A season after finishing with the 16th-best defensive FEI ranking (per Football Outsiders)—and that's after the drubbing by Alabama—Notre Dame is currently sitting 55th. And remember, those rankings adjust for opponent, situation, etc. It's not hard to spot the areas where the Irish struggle.
Defensive tackle Louis Nix has been sensational, but the remainder of the defensive line has battled injuries and ineffectiveness. Star defensive end Stephon Tuitt's slow return to form after an offseason sports hernia surgery has been particularly troublesome. There have also been lapses in tackling from the linebacking corps and preventable mental mistakes that have resulted in plays down the field.
The Irish defense can be properly juxtaposed by the USC offense. Riddled with injuries and questionable depth—the remnants of the Pete Carroll era are loudest when looking at the Trojans' reduced scholarships—the Trojans are 78th in the nation, scoring only 28 points per game.
Marqise Lee's status is up in the air for Saturday as he battles a knee injury. Expected starting running back Silas Redd only made his season debut last week due to his own knee issues, and then the Trojans watched on as his replacement, sophomore Tre Madden, suffered a hamstring injury last week.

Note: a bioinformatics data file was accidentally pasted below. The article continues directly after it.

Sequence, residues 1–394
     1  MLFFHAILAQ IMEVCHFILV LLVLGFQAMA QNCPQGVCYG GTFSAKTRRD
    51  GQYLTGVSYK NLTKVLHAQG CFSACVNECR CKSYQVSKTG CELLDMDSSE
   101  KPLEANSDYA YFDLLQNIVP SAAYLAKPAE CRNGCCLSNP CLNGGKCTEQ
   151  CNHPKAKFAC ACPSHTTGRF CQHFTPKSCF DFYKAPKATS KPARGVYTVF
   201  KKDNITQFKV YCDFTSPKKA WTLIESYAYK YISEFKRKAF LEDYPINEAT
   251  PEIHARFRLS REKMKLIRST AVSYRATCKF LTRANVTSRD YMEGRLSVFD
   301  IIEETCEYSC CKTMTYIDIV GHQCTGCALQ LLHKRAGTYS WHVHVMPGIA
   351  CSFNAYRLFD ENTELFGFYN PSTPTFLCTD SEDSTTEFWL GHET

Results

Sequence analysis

With Cody Kessler matching Rees every step of the way on the inconsistency scale, it's unclear when or where USC will get its scoring from—or whether it will come at all.
Watching the Trojans score seven points against Washington State is still one of the three or four strangest things I've seen all season. Watching them score 17 against Utah State isn't that far behind.
It's an interesting matchup because neither team lacks the talent to be successful. Tuitt and Nix were just as integral to the Irish defensive success last season as Manti Te'o, and there are still components remaining from a Trojans offense that was pretty good for a lot of last season.
No matter the measuring device, these are two awfully even teams. They're talented, not loaded. They're flawed, but not terrible. Notre Dame and USC are two squads destined to finish somewhere in that mushy middle of the FBS hierarchy, where their bowl invites largely depend upon one or possibly even two swing games.
The Irish have an easier trek going forward, which arguably makes this game more important in Southern California. But, frankly, I just trust the Notre Dame defense far more with an extra week's rest to right the ship than a USC offense decimated by injury.
If we could enter a cheat code and everyone was magically healthy for Saturday, then perhaps going with the road team would be a consideration. Lee would likely have a field day with this Notre Dame secondary, and the combo meal of Redd and Madden is good enough to run through a fusillade of arm tackles.
But Lee is hurt, Redd and Madden are in recovery mode and Kessler looks a year or two away from realizing his promise. The Irish have smart, veteran defenders who know their assignments and get the opportunity to play at home.
Notre Dame wins easily in a game that might surprise some folks.
Score: Notre Dame 27, USC 17